Skip to main content

Developing marketing strategies for tourism destinations in peripheral areas of Europe.

Hartl, A., 2002. Developing marketing strategies for tourism destinations in peripheral areas of Europe. Doctoral Thesis (Doctoral). Bournemouth University.

Full text available as:

PDF (.pdf supplied by EThOS)



This thesis concentrates on the subject of destination marketing with a specific focus on the process of developing strategiesthrough a Destination Marketing Organisation (DMO) for a peripheral area, illustrated by a case study from the Danish island of Bornholm. It investigates the theoretical foundations for destination marketing, concluding that there should be a shift in focus from general marketing theory to a broader application of organisational theories and associated fields, enabling the DMO to improve performance. The specific conditions for and structures of peripheral areas indicated that the process in these areas should be adapted to the circumstances generally experienced there. Specifically the predominant occurrence of life-style businesses in peripheral areas, either as micro- businessesor SMEs, which are planning on a short-term basis, need to be included in the strategic planning process by viewing them as `cooperative customers'. Thus, applying the principles of marketing to the development of the strategy itself and viewing the strategic plan as a `product' of the DMO. The theoretical analysis showed that DMOs cannot control all of the components of the marketing mix, but they can cooperate with the providers of the destination mix and incite `coopetition' for the benefit of the visitors. The case study portrayed the DMO at a mature cold-water resort in a European peripheral area; it also illustrated the general development of tourism to the island and the impact of this development on the organisational structure of the tourism industry. It is assumed that the findings are transferable to other destinations that operate under similar conditions.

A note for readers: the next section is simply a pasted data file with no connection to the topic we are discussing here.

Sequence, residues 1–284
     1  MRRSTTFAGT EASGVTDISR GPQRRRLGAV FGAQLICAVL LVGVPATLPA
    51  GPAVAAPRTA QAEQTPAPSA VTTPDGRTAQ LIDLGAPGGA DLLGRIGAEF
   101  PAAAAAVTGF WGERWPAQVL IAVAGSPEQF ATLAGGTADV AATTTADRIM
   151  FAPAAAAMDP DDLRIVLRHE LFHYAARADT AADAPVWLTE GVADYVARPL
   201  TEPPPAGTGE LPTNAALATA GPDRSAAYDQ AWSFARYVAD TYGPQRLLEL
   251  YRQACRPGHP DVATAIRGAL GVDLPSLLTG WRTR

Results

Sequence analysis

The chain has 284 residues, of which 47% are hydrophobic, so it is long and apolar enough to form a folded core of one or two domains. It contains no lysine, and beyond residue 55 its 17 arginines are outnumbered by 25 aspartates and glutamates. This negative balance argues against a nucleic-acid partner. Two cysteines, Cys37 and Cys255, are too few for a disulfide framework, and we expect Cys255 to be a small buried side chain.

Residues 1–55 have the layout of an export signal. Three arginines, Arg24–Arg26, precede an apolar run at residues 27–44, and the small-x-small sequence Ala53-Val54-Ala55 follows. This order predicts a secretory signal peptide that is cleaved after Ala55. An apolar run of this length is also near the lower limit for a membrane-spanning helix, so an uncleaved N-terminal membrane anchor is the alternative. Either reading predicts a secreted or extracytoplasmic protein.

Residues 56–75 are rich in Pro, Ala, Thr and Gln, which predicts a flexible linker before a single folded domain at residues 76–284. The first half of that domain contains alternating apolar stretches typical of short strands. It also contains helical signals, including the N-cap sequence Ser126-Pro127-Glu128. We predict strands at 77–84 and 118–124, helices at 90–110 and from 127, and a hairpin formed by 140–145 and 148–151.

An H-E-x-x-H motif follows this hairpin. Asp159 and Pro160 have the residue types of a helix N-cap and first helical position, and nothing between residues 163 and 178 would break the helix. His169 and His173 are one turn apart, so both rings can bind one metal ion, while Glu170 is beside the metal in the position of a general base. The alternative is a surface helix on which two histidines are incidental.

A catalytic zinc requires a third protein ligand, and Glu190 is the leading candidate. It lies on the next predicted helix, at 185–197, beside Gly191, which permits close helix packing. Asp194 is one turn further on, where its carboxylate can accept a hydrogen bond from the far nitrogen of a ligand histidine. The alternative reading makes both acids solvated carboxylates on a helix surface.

Item Type:Thesis (Doctoral)
Additional Information:A thesis submitted in partial fulfilment of the requirements of Bournemouth University for the degree of Doctor of Philosophy. If you feel this work infringes your copyright please contact the BURO manager.
ID Code:442
Deposited On:08 Nov 2006
Last Modified:09 Aug 2022 16:02


Downloads per month over past year

More statistics for this item...
Repository Staff Only -